About 40 people got an education in Alzheimer’s disease at the Civic Centre on Tuesday — many of them women.

The session, which was led by Alzheimer Society of B.C. support and education co-ordinator Tara Hildebrand, began with the statistic that nearly three-quarters of Canadians with Alzheimer’s disease are women.

Hildebrand said the disease affects women doubly because women also make up 70 per cent of caregivers to those living with the disease.

While there is no cure for Alzheimer’s disease, Hildebrand said creating awareness around the disease as well as coping strategies for caregivers is a way to make a dementia diagnosis less scary.

“The more we know, the better we do,” she said.

Dementia is the umbrella term for a wide variety of brain diseases, including Alzheimer’s.

Dementia cases fall into two categories: acute, reversible cases and chronic, irreversible cases.

Acute, reversible causes of dementia include tumours, vitamin B-12 deficiency, potassium deficiency, chronic depression and even stress.

Of the chronic, irreversible kinds of dementia, Alzheimer’s disease is the most common diagnosis.

Alzheimer’s disease accounts for 65 per cent of dementia cases, Hildebrand said.

In Alzheimer’s patients, as brain cells degenerate, they become plugged up with sticky beta-amyloid plaque.

This plaque prevents messages from going through clear, unobstructed pathways in the brain, so synapses have to find new ways around the plaque to be understood.

The next thing to be attacked is the hippocampus, which processes new information and distributes it to memory stores in the brain.

Without the hippocampus functioning properly, Alzheimer’s patients can’t take in new information for their short-term memories, but they’re still able to access long-term memories that have already been stored.

It can take anywhere from two to 20 years for the disease to completely manifest.

“The loss of memory with Alzheimer’s disease will be complete and total at some point,” Hildebrand said.

While it’s not known what causes Alzheimer’s disease, Hildebrand said research points to a variety of risk factors that people can manage.

Those include a healthy diet, regular exercise and regularly challenging the brain.

That can be as simple as doing a Sudoku number puzzle or performing simple tasks, such as brushing your teeth, with the opposite hand.

Hildebrand said using the non-dominant hand forces the brain to use new neural connections to send messages and control parts of the body.

However, the biggest risk factor for the disease is one no person can change: aging.

“The fact that we’re getting older, that puts us at a greater risk for sporadic Alzheimer’s disease,” she said.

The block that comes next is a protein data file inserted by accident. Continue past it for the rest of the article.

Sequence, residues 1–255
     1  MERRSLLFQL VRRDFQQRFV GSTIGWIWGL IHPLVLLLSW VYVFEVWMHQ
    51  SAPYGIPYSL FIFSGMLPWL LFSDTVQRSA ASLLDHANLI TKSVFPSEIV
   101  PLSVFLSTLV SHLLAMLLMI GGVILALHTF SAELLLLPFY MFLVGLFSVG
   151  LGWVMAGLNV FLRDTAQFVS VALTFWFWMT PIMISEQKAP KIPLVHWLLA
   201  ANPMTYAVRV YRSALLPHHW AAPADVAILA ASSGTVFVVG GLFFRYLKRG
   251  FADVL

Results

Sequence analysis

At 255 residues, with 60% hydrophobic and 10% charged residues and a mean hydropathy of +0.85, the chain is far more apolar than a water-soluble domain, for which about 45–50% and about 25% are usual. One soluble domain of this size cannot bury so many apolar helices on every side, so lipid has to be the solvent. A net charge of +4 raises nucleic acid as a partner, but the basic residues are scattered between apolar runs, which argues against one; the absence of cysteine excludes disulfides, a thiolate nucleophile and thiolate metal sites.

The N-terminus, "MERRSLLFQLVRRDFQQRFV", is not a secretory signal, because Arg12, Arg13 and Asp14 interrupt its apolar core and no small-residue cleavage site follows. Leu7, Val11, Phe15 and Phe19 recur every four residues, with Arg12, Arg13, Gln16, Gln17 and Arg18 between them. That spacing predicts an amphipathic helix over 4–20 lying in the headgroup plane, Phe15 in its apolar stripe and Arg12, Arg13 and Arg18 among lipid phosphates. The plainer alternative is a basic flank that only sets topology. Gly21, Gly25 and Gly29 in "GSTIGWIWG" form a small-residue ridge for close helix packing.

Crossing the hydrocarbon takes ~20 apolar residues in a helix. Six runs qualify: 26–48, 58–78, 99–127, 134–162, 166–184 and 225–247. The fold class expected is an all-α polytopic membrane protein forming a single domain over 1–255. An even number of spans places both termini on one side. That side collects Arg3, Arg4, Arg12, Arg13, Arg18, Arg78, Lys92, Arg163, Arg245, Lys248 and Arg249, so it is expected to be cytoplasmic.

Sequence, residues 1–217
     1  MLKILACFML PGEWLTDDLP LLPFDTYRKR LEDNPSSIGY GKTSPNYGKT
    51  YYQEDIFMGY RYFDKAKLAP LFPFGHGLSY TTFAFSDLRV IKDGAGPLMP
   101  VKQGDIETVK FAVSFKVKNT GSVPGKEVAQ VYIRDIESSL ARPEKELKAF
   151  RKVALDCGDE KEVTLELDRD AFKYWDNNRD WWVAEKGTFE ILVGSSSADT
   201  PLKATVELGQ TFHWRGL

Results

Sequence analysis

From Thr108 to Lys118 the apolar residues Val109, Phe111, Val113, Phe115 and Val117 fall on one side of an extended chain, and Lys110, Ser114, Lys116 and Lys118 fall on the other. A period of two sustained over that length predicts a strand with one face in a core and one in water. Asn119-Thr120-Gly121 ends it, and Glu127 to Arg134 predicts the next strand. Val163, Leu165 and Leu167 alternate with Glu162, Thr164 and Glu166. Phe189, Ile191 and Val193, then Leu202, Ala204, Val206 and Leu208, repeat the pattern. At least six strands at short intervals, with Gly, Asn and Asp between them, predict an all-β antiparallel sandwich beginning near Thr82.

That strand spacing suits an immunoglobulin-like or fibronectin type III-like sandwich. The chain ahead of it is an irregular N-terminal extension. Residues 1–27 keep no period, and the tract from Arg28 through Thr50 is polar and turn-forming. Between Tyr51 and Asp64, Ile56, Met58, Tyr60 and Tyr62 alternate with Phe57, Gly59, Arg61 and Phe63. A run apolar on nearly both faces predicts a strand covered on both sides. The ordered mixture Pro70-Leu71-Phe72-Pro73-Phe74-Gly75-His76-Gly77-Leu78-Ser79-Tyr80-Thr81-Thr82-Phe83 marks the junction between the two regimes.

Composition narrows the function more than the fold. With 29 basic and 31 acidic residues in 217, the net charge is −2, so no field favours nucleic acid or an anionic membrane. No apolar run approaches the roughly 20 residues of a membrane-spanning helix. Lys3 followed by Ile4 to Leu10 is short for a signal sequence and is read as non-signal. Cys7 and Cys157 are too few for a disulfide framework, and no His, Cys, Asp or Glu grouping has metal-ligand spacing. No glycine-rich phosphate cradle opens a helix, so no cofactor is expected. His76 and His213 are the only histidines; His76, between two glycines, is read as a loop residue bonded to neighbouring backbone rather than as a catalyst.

The risk for Alzheimer’s doubles after age 65 and doubles again every five years.

Five to six per cent of Alzheimer’s diagnoses are early-onset, meaning they occur prior to age 65.

She said the youngest person she’s known with an Alzheimer’s diagnosis was 31 — and pregnant.

Genetics are less likely to be the direct cause of the disease than contain risk factors that can predispose people to it, Hildebrand said.

“The harsh reality is that’s why we don’t have a cure right now — because we don’t have a cause,” she said.

While Hildebrand’s session was intended to help people understand the disease, it had the dual purpose of iterating it’s equally important for caregivers to have care themselves.

Hildebrand said caregivers who try to explain to patients what’s happening in their brains can become frustrated and burnt out.

So, she said, the advice she gives caregivers is to meet the patient where they’re at.

“Self-awareness is the biggest thing Alzheimer’s disease takes early on,” she said. “They have no awareness of where their disease is today.

“Every single minute of every single day, that person is doing the best they can with what they’ve got.”

The session was sponsored by the Merritt and District Hospice Society, which helps people cope with grief and loss of life.

Hospice co-ordinator Jill Sanford told the crowd the organizations’ purposes overlap when it comes to preparing for end of life or arranging power of attorney.

10 warning signs for Alzheimer’s disease or other dementias, provided by the Alzheimer Society of B.C.:

1. Memory loss that affects day-to-day abilities
Forgetting things often or struggling to retain new information.

2. Difficulty performing familiar tasks
Forgetting how to do something you’ve been doing your whole life, such as preparing a meal or getting dressed

3. Problems with language
Forgetting words or substituting words that don’t fit the context.

4. Disorientation in time and space
Not knowing what day of the week it is or getting lost in a familiar place.

5. Impaired judgment
Not recognizing a medical problem that needs attention or wearing light clothing on a cold day.

6. Problems with abstract thinking
Having difficulty balancing a chequebook, for example, or not understanding what numbers are and how they are used.

7. Misplacing things
Putting things in strange places, like a dress in the refrigerator or a wristwatch in the sugar bowl.

8. Changes in mood and behaviour
Exhibiting severe mood swings from being easy-going to quick-tempered.

9. Changes in personality
Behaving out of character, such as becoming confused, suspicious, or fearful.

10. Loss of initiative
Losing interest in friends, family and favourite activities.